I decided to make this my lunch spot and it was a lovely place to rest and there was no one else there. Sadly at the end of the beach a fence came down from inland right down to the shore, topped with barbed wire (as all fences in Scotland seem to be!) clearly intended to prevent or at least deter access to the coast beyond. Why? I had no idea and it was rather irritating but fortunately a fence and the sea are no match and such structures are quickly destroyed by the sea. So it was here and I could get around the end of the fence at the coastal end where it had been damaged by the sea.
Now the path wasn’t really a path at all and it was a difficult walk along the base of the cliffs, on rough ground and sometimes climbing over rocks.
This continued for a little under a mile until I rounded the corner with the rocky beach of Boyne Bay ahead with the structures of the quarry behind it.
Unfortunately I couldn’t see any path marked on the map or visible on the ground at the far end of this beach. The cliffs at the other end were very steep with gorse growing up them and what looked like there might be another part of the quarry above. Nevertheless I thought I’d head down to the beach and have a look. What I hadn’t noticed until I was almost on top of it was that at the far end of the beach, right before the cliffs a stream flowed out (it’s more obvious from above – like this).
It was quite deep and fast flowing and not easy to cross with almost sheer cliffs the other side.
So I backtracked as there was a bridge over it at the quarry, but right beyond the bridge was a gate. Quarries aren’t usually welcoming places to walkers but being Sunday it was all closed which I was glad as I was worried about being questioned why I was here otherwise. Fortunately as I got closer I was pleased to find a seemingly brand new footpath headed up through a pedestrian gate and up steps to follow beside the quarry access road. It had brand new kissing gates along it so I was pleased that someone (perhaps the owners of the quarry) had considered walkers and created a safe path from them. Or at least I assume that was why because at the other end, the track to the quarry was marked “No unauthorised persons” which made me wonder if the footpath was actually built for quarry workers and I shouldn’t have been there at all. Whatever, I had made it to the public road which was all that mattered.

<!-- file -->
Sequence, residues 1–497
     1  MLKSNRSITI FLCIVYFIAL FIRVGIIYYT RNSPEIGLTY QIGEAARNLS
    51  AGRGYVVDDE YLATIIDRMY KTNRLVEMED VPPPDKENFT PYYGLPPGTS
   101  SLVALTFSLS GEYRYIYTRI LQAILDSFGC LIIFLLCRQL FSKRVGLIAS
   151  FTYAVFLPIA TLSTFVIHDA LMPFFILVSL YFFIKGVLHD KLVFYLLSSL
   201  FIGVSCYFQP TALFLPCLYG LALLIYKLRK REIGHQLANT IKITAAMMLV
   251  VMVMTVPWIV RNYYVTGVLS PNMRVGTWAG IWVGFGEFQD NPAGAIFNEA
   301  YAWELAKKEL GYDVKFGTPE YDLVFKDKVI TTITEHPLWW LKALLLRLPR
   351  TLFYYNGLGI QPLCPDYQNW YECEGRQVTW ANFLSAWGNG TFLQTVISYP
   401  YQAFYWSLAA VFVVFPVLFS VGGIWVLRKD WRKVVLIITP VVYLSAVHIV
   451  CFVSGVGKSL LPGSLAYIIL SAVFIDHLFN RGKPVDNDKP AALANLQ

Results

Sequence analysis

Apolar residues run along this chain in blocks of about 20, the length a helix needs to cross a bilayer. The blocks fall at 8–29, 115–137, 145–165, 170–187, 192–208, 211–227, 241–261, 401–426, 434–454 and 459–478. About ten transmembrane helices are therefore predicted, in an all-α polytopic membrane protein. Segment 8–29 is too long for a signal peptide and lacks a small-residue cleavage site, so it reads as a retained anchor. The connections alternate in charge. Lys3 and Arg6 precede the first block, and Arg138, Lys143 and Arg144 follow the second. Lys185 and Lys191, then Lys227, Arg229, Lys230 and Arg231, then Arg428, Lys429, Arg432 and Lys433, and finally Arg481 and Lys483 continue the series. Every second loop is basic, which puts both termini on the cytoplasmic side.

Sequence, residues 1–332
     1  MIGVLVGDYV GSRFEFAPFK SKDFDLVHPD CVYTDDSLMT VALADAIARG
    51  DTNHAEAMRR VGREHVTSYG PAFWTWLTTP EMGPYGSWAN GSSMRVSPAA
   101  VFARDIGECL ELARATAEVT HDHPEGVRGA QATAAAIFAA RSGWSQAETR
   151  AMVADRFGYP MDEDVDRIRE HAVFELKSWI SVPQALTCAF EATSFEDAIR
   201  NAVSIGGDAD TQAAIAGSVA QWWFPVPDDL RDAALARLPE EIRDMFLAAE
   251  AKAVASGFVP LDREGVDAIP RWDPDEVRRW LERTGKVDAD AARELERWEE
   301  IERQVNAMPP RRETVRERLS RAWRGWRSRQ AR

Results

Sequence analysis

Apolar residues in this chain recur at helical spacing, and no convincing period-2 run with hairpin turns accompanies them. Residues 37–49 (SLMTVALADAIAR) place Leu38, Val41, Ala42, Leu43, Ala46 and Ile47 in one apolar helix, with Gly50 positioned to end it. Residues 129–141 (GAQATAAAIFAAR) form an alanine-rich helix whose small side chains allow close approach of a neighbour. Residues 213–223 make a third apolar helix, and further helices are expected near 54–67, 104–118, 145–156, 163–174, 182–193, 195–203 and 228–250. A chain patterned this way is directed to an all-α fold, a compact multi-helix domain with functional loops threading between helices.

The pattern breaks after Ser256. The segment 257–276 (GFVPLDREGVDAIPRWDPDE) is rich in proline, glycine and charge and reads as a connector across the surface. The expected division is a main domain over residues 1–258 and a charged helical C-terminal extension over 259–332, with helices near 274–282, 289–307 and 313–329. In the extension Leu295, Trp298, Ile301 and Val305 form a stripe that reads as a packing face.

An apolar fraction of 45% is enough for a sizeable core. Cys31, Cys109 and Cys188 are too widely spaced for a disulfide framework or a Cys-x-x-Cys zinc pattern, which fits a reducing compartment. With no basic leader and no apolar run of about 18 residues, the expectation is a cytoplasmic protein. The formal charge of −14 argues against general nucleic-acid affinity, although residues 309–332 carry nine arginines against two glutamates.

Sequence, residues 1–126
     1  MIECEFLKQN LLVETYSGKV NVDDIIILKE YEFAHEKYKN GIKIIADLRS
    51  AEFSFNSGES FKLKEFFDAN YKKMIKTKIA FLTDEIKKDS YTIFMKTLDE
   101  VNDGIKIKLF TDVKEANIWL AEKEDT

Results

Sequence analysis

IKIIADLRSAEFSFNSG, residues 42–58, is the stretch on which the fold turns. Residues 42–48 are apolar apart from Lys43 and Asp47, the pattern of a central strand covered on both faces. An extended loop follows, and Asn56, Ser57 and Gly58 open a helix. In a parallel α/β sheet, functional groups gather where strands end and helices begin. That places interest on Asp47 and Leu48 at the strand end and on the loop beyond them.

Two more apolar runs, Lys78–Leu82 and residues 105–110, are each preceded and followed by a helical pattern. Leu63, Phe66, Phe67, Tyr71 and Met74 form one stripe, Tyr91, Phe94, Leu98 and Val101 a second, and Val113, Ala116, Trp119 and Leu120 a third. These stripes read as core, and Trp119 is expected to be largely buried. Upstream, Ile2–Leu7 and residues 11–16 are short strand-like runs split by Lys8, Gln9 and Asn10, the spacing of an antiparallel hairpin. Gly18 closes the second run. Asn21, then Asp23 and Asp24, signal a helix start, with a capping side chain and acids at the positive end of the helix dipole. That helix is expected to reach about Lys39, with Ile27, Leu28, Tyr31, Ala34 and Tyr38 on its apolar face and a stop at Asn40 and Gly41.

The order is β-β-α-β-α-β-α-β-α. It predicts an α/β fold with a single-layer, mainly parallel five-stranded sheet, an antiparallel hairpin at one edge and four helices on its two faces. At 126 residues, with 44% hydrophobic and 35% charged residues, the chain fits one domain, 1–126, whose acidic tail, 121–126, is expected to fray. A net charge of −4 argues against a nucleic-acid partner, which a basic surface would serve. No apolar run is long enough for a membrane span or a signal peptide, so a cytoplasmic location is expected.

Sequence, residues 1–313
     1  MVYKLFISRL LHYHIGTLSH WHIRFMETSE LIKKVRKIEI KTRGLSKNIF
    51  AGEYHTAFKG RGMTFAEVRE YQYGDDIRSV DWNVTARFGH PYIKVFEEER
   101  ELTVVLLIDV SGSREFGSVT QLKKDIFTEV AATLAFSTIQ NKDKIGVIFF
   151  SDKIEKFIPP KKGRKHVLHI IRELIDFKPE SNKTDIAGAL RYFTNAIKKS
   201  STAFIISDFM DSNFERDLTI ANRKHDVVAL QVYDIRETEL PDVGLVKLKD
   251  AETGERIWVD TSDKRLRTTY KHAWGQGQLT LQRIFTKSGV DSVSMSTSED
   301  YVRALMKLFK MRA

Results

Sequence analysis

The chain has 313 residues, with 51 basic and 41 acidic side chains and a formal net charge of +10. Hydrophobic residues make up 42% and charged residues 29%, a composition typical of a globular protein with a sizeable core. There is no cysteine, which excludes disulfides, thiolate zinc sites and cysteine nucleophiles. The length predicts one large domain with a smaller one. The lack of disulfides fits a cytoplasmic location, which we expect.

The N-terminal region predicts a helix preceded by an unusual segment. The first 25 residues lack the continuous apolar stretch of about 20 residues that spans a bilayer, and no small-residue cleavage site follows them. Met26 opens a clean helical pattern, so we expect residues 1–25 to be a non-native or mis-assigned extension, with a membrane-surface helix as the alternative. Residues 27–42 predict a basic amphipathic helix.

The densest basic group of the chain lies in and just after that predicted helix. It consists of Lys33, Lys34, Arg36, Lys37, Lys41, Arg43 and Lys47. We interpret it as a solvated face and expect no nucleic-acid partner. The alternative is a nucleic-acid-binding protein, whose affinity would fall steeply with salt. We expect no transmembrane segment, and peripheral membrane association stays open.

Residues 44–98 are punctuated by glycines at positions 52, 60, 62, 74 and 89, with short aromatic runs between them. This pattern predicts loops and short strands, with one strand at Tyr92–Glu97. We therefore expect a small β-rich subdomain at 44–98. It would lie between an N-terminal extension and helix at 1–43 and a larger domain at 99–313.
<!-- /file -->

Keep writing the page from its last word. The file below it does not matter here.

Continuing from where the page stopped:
The first place I could safely cross the stream, now in a fairly deep valley was at the road at Scotsmill Bridge. I passed through the tiny hamlet of Scotsmill and the road was odd, as the through route of the road turned inland and was unclassified, whilst traffic wanting to stay on the B-road had to turn off on the now very narrow road marked “Unsuitable for heavy goods vehicles”, it seemed puzzling to me that the B-road was the far narrower and steeper one and the un-classified road wider!
This road, the B9139 took me down through woodland to the little stone bridge over the river and back up the other side.
The road is unusual in that it is marked on the map with a dashed rather than solid orange line, which means although a B-road it is only single-track with passing places (as I got further north in Scotland I’d soon find this happens to A-roads too!).
I followed this road to a place called Cowhythe and then followed a track I could see on the map back to the coast.
At the far end of the track I hoped I’d be able to make my way along the cliffs, as no path was marked on the map.
Despite this there was actually a path with railings and boardwalks even, a luxury in Scotland (and all the more unexpected given it was not marked).
The path initially on cliff tops then took me down to the rocky Strathmarchin Bay. From here the path continued around the base of the cliffs improving as it did so.
There were a few odd signs along the path such as one stating “Sannie Een Hotel”, another “Small stone – small people – big magic” and a pile of wood with another sign at the top “Stonie Een”. Not sure what that was all about!
At the end of the bay the path climbed back up to the cliff tops, improved further and eventually became tarmac at the edge of Portsoy, when it had descended back down to beach level.
Here I came across lots of high-viz jacketed students with rucksacks and clipboard and a teacher or lectures with an American accent. Geology students I suspected, perhaps from Aberdeen University.
The path passed a cemetery and crossed another stream via a little stone bridge and continued on the path (now a minor road really) through a small caravan park, which was behind a quite nice little beach, I continued on the road round the corner to the harbour.
Like many on this part of the coast the harbour was largely empty with just 3 boats present.
However a short distance ahead was another slightly larger harbour though it too had few boats. Portsoy however looked like quite a nice little town.
At the end of the harbour was the end-gable of an old house (I assumed), but nothing more of it was left.
I followed the nearest road around here and soon found a proper coast path heading along the coast again around into a rocky bay.
Rounding this I was soon alongside a field on my left however below there was another of those old tidal swimming pools, like the disused one I’d seen on my last walk.
This one didn’t look so disused though, there was what looked to be a toilet block or changing room down there too and a dead-end road that served it.
It was a dead end so I didn’t bother to go down and take a closer look, preferring to stick to the cliff top path. So I crossed the access road to this pool and continued along the coast on what continued to be a good path, rounding Redhythe Point.
Around this I had an attractive pebble beach ahead backed by grassy cliffs and soon heading down to a lower level as I reached the beach at Sandend.